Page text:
Mourning Dove

Continent-wide, the mourning dove is one of the most common birds around, though it's often overlooked. Even so, over 20 million individuals are sighted and dropped in the US by hunters each year—the most of any game bird in the US—but the population sits at a stable estimate of 350 million birds.

  Photo by Monoc' Paul

Photo by Monoc' Paul

Understated plumage, a calm song, and ubiquity conspire to veil this bird in plain secrecy, yet there was a time when the mourning dove was a species of conservation concern in Wisconsin. In 1951 a study was conducted where rural mail carriers listened on their routes for five months for mourning doves. An average of 6 doves were found per 100 miles. Compare that to today, when one might see 6 doves just at one feeder! Intensive hunting in the early part of the century which gave way to the Migratory Bird Treaty Act of 1918 (for which we celebrate 2018 as Year of the Bird), and allowed the population to rebound. By the mid-1900's, mourning doves had recovered to a point where some scientists in Wisconsin felt comfortable with a hunting season. However, it was not until 2003 that a hunting season opened in Wisconsin, the first since 1918. The bird was named the state symbol of peace in 1971, and was removed as a game species at that time.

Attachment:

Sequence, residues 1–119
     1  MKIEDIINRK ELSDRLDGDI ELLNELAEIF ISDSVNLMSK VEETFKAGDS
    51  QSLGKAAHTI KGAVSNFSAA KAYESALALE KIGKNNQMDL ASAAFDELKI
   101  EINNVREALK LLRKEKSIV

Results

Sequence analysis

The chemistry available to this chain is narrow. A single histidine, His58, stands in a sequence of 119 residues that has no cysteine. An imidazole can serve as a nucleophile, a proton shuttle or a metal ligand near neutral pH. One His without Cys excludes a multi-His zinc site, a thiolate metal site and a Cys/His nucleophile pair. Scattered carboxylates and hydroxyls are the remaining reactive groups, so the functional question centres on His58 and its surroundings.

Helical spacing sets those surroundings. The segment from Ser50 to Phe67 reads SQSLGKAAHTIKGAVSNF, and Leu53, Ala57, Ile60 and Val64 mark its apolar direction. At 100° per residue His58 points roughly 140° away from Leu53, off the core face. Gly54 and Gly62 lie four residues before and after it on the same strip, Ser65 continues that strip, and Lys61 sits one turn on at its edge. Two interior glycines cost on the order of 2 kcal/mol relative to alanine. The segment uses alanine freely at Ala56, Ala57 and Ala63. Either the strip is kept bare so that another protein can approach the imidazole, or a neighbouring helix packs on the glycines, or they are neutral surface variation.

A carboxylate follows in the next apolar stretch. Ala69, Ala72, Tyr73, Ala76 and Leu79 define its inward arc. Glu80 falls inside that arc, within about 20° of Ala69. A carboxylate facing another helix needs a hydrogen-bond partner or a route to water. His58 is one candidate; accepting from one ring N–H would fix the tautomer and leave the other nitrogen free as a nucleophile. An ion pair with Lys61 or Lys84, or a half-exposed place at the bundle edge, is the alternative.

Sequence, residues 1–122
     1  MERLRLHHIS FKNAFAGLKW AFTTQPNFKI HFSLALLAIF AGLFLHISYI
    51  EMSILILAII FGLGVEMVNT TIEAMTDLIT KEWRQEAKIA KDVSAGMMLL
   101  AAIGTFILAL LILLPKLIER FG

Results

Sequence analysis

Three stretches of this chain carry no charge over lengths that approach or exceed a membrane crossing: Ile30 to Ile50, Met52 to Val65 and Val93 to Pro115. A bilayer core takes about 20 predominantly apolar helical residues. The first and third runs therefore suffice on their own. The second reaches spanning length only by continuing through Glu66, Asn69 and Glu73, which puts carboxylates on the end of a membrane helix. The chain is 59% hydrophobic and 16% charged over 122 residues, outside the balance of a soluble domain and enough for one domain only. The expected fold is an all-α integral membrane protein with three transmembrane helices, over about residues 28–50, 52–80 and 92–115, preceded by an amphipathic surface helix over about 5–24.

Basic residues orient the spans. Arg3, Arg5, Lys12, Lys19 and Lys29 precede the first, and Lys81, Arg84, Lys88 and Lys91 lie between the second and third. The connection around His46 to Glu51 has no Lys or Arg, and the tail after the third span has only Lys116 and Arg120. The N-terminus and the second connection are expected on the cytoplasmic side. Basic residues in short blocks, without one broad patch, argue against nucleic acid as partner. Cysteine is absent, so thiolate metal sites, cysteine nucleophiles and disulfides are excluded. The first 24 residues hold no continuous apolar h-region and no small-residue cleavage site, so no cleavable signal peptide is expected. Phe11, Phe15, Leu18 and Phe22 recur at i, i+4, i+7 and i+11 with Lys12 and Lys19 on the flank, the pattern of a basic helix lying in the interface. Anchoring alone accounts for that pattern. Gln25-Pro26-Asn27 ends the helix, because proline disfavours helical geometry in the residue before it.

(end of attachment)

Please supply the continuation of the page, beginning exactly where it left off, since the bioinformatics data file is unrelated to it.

Mourning doves in Wisconsin will often migrate south to the Gulf states. Some will spend the winter, but many of our Wisconsin resident winter doves come from Minnesota, Michigan, and Canada.

  Photo by Boris Grozev

Photo by Boris Grozev

Vigorous breeders, mourning doves can lay two to five clutches per year, with two eggs per clutch. The mourning dove's young are called squabs, the same name given to young of the closely related but now extinct passenger pigeon. Those squabs are altricial when they're born, meaning they are born featherless and stay in the nest while they rapidly build body mass. In 15 days, squabs will put on 14 times their weight at birth, and they may fledge up to 4 days before that, just 11 days out of the egg.

Mourning doves are incredible habitat generalists, and have adapted well to human expansion across the continent. They can be found in woodlots, fencerows, old fields, prairies, suburban and urban areas... really almost anywhere in the state except heavily forested areas in northern Wisconsin.

  Photo by Eric Begin

Photo by Eric Begin

With a strong, whistling flight clocked at 55mph, mourning doves can travel exceedingly fast, especially when hunted. However, their migration plans turn out to be a little more relaxed. Often the birds won't fly more than twenty miles in a day, and won't reach speeds over 35mph. The birds rely almost exclusively on seeds and grains for their diet, and likely find plenty of sustenance on their way south, enough sustenance to distract the birds and turn what could be a straight-line flight into a weeks- long extravaganza.

You can find mourning doves at Faville Grove this winter in sheltered shrubby areas, in the ledge savanna, and along Faville Woods. Spring birds will return in early April, and their reproductive cycle begins in late April and early May.

Written by Drew Harry, Faville Grove Sanctuary land steward